Increased Rate of Heat Storage, and No Performance Benefits, With Caffeine Ingestion Before a 10-km Run in Hot, Humid Conditions

in International Journal of Sports Physiology and Performance
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Purpose: Although the effect of caffeine in thermoneutral or cool environmental conditions has generally shown performance benefits, its efficacy in hot, humid conditions is not as well known. The purpose of this study was to further examine the effect of caffeine ingestion on endurance running performance in the heat. Methods: Ten trained endurance runners (6 males; mean [SD] age = 26 [9] y, height = 176.7 [5.1] cm, and mass = 72.1 [8.7] kg) came to the lab for 4 visits. The first was a VO2max test to determine cardiorespiratory fitness; the final 3 visits were 10-km runs in an environmental chamber at 30.6°C and 50% relative humidity under different conditions: 3 mg·kg−1 body mass (low caffeine dosage), 6 mg·kg−1 (moderate caffeine dosage), and a placebo. Repeated-measures analyses of variance were used to determine the effect of condition on the 10-km time, heart rate, core temperature, rating of perceived exertion, and thermal sensation. Results: There was no difference in the 10-km time between the placebo (53.2 [8.0] min), 3-mg·kg−1 (53.4 [8.4]), and 6-mg·kg−1 (52.7 [8.2]) conditions (P = .575, ηp2=.060). There was not a main effect of average heart rate (P = .406, ηp2=.107), rating of perceived exertion (P = .151, ηp2=.189), or thermal sensation (P = .286, ηp2=.130). There was a significant interaction for core temperature (P = .025, ηp2=.170); the moderate-dosage caffeine condition showed a higher rate of rise in core temperature (0.26 [0.08] °C·km−1 vs 0.20 [0.06] and 0.19 [0.10] °C·km−1 in the low-caffeine and placebo conditions, respectively). Conclusion: The results support previous research showing a thermogenic effect of caffeine, as the moderate-dosage condition led to a greater rate of heat storage and no performance benefits.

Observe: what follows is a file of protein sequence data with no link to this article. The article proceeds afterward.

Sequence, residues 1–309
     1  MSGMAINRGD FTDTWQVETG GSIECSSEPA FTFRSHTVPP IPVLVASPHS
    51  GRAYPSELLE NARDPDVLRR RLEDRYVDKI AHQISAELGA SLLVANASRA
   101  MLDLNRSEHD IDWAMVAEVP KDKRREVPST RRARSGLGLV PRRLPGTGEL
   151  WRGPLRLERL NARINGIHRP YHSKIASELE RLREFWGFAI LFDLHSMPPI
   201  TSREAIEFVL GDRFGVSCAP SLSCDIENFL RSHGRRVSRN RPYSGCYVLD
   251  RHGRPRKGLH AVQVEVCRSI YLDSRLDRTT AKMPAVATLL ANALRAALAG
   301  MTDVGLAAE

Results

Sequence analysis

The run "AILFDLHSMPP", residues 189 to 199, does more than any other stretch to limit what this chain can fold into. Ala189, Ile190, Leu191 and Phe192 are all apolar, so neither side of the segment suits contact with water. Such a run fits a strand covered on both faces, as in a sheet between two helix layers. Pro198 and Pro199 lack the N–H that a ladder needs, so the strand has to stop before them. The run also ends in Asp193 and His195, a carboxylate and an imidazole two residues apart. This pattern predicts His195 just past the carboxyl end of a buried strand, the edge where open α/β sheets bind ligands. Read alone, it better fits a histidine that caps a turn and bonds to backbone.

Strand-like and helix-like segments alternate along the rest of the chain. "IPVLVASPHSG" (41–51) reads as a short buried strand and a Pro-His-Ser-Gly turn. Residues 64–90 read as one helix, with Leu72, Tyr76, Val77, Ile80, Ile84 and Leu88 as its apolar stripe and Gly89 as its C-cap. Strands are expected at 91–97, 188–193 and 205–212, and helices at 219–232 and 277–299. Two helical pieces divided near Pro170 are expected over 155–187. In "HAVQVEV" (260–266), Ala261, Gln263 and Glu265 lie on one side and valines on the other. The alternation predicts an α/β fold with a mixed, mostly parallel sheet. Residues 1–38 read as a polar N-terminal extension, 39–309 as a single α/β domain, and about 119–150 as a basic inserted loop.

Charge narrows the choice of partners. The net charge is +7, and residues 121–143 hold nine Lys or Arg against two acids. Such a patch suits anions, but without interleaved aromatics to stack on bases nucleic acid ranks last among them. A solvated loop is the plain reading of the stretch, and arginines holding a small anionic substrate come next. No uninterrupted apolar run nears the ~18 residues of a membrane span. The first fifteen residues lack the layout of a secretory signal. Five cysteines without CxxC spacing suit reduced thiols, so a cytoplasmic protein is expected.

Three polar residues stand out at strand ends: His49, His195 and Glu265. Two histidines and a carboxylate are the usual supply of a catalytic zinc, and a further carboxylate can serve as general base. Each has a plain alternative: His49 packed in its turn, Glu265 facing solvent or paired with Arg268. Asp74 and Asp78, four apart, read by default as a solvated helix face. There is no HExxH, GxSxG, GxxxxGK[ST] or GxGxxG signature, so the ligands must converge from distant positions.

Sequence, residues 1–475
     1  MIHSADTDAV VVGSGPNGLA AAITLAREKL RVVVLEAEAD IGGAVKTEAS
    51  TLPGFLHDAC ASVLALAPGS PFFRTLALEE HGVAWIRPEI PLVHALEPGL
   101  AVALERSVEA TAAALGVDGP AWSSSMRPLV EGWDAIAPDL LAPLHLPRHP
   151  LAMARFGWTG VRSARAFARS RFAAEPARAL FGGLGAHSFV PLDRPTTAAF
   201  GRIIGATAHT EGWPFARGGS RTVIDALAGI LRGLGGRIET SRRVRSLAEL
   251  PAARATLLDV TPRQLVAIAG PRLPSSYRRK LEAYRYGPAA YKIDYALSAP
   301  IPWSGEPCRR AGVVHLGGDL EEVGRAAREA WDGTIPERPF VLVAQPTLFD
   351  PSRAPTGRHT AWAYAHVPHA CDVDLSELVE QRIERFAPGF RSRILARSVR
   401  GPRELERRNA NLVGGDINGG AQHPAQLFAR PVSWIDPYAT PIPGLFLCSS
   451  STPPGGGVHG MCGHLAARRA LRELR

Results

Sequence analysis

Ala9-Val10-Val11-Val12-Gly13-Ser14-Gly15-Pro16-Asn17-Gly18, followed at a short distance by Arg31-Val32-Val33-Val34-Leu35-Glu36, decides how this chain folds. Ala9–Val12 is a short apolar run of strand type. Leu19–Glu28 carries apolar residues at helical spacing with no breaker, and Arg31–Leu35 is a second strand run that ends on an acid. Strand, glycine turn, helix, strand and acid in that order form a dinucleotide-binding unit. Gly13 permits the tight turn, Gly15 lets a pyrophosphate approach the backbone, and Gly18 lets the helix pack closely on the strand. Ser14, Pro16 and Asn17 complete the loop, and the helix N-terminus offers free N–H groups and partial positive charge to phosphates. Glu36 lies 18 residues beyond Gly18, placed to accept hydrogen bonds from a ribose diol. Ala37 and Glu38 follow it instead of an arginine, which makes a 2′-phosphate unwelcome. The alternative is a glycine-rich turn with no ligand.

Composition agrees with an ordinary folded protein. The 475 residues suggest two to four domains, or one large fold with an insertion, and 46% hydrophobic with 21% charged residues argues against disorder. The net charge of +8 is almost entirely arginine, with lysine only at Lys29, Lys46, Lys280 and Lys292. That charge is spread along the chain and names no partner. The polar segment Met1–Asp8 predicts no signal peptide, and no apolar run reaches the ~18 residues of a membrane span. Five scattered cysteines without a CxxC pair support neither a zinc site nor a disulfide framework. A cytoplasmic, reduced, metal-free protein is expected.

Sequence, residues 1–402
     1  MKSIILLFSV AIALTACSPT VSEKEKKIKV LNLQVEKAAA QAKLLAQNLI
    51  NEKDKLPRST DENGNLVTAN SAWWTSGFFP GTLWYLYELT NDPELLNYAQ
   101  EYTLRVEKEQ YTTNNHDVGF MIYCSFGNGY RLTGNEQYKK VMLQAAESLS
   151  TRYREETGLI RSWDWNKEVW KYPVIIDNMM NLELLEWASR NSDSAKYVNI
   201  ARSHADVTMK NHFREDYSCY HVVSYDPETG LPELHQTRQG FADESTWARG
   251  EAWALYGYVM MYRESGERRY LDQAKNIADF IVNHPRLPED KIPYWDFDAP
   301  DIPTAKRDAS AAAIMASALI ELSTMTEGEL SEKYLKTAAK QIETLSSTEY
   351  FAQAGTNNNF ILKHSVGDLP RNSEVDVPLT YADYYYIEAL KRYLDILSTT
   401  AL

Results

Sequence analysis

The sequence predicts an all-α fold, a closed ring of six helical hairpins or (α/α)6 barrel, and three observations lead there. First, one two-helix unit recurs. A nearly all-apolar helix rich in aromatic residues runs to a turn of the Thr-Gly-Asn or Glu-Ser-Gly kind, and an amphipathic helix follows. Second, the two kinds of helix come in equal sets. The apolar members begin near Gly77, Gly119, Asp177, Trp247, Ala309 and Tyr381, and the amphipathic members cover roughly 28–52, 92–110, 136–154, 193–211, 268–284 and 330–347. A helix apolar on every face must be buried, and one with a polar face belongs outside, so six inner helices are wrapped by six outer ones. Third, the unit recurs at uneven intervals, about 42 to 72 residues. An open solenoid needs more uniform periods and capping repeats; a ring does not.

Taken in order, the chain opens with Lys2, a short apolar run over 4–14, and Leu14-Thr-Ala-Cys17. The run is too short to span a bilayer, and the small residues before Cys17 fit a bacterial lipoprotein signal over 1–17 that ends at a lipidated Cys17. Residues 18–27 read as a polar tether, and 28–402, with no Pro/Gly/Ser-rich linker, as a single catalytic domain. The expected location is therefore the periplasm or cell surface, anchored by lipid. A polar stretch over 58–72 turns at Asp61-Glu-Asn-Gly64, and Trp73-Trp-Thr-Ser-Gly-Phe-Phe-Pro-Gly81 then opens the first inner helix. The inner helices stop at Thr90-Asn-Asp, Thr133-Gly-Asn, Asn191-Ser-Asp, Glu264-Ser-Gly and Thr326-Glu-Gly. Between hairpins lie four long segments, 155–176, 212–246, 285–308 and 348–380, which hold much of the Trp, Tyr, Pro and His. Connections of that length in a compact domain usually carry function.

The authors are with the Dept of Human Performance and Health Education, Western Michigan University, Kalamazoo, MI.

Hanson (njhanson@gmail.com) is corresponding author.
International Journal of Sports Physiology and Performance
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